Mutations in the Presenilin genes are the major genetic cause of Alzheimer's disease (AD). Presenilin (PS) is highly expressed in the hippocampus, which is particularly vulnerable in AD. Previous studies of PS function in the hippocampus, however, focused exclusively on excitatory neurons. Whether PS regulates inhibitory neuronal function remained unknown. In the current study, we investigate PS function in GABAergic neurons by performing whole-cell and field-potential electrophysiological recordings using acute hippocampal slices from inhibitory neuron-specific PS conditional double knockout (IN-PS cDKO) mice at 2 months of age, before the onset of age-dependent loss of interneurons. We found that the frequency of spontaneous inhibitory postsynaptic currents (sIPSCs) is reduced in hippocampal CA1 neurons of IN-PS cDKO mice, whereas the amplitude of sIPSCs is normal. Moreover, the efficacy of inhibitory neurotransmission as assessed with synaptic input/output relations for evoked mono- and di-synaptic IPSCs is markedly lowered in hippocampal CA1 neurons of IN-PS cDKO mice. Consistent with these findings, IN-PS cDKO mice display enhanced paired-pulse facilitation, frequency facilitation and long-term potentiation in the Schaffer collateral-CA1 pathway. Interestingly, depletion of intracellular Ca2+ stores by inhibition of sarcoendoplasmic reticulum Ca2+ ATPase results in a reduction of IPSC amplitude in control hippocampal neurons but not in IN-PS cDKO neurons, suggesting that impaired intracellular calcium homeostasis in the absence of PS may contribute to the deficiencies in inhibitory neurotransmission. Furthermore, the amplitude of IPSCs induced by short trains of presynaptic stimulation and paired-pulse ratio are decreased in IN-PS cDKO mice. These findings show that inactivation of PS in interneurons results in decreased GABAergic responses and enhanced synaptic plasticity in the hippocampus, providing additional evidence for the importance of PS in the regulation of synaptic plasticity and calcium homeostasis.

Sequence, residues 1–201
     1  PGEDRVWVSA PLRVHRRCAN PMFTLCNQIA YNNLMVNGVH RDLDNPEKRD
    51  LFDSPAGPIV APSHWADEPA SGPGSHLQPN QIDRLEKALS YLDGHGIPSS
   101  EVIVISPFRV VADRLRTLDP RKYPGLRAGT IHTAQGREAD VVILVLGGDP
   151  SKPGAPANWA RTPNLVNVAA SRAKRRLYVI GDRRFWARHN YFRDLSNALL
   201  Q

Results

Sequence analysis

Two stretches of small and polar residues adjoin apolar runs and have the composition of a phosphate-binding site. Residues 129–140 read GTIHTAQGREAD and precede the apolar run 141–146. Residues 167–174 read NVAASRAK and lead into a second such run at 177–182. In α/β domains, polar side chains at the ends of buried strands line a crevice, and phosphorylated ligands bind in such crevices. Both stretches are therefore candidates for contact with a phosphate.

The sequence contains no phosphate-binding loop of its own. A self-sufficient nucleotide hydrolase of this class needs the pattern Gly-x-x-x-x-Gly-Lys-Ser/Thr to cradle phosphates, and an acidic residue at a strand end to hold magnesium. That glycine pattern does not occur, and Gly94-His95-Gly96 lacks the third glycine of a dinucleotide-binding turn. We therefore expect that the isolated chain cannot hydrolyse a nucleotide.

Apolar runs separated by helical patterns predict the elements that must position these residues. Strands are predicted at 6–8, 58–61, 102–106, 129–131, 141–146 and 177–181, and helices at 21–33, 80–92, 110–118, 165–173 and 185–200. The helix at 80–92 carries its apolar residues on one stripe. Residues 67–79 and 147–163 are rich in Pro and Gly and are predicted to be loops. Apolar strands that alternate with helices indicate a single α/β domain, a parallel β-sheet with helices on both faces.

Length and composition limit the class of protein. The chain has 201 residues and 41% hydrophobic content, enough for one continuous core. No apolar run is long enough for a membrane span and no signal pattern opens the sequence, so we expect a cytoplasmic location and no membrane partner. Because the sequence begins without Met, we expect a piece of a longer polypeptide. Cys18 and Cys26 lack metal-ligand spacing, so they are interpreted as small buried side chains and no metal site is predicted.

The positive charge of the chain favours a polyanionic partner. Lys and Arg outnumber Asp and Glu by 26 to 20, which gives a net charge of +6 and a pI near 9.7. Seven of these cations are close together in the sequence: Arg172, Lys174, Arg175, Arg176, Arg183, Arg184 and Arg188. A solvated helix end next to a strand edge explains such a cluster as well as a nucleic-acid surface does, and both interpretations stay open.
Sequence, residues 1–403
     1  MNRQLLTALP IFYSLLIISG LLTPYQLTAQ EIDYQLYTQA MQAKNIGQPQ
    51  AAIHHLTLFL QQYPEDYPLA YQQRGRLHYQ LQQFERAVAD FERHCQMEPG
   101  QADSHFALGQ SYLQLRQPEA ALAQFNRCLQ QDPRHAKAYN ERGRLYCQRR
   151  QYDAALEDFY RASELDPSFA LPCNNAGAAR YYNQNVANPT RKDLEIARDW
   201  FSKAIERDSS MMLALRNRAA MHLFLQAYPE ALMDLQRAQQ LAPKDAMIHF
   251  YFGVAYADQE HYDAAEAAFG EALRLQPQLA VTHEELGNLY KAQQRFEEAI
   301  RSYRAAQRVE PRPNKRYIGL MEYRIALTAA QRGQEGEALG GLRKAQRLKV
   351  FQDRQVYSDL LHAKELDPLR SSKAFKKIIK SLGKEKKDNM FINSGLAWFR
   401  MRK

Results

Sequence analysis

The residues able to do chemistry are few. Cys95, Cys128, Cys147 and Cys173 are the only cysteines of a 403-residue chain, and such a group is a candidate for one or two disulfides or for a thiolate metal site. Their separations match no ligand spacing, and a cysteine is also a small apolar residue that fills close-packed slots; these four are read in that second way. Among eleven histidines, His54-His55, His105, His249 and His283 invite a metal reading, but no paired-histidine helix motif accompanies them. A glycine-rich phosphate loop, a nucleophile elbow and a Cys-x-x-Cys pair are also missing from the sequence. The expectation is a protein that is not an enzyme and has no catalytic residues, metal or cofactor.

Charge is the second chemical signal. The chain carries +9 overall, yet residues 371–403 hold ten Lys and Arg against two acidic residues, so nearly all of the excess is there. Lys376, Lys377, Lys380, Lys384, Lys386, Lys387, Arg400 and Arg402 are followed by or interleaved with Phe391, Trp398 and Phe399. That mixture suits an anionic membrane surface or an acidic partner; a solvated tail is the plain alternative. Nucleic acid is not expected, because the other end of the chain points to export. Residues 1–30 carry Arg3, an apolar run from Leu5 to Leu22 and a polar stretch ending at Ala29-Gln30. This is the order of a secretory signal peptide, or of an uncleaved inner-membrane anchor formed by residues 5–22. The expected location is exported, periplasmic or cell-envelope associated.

Keywords: Alzheimer’s disease; Calcium homeostasis; Conditional knockout; Hippocampus; Interneuron; Long-term potentiation; Schaffer collateral; Short-term synaptic plasticity.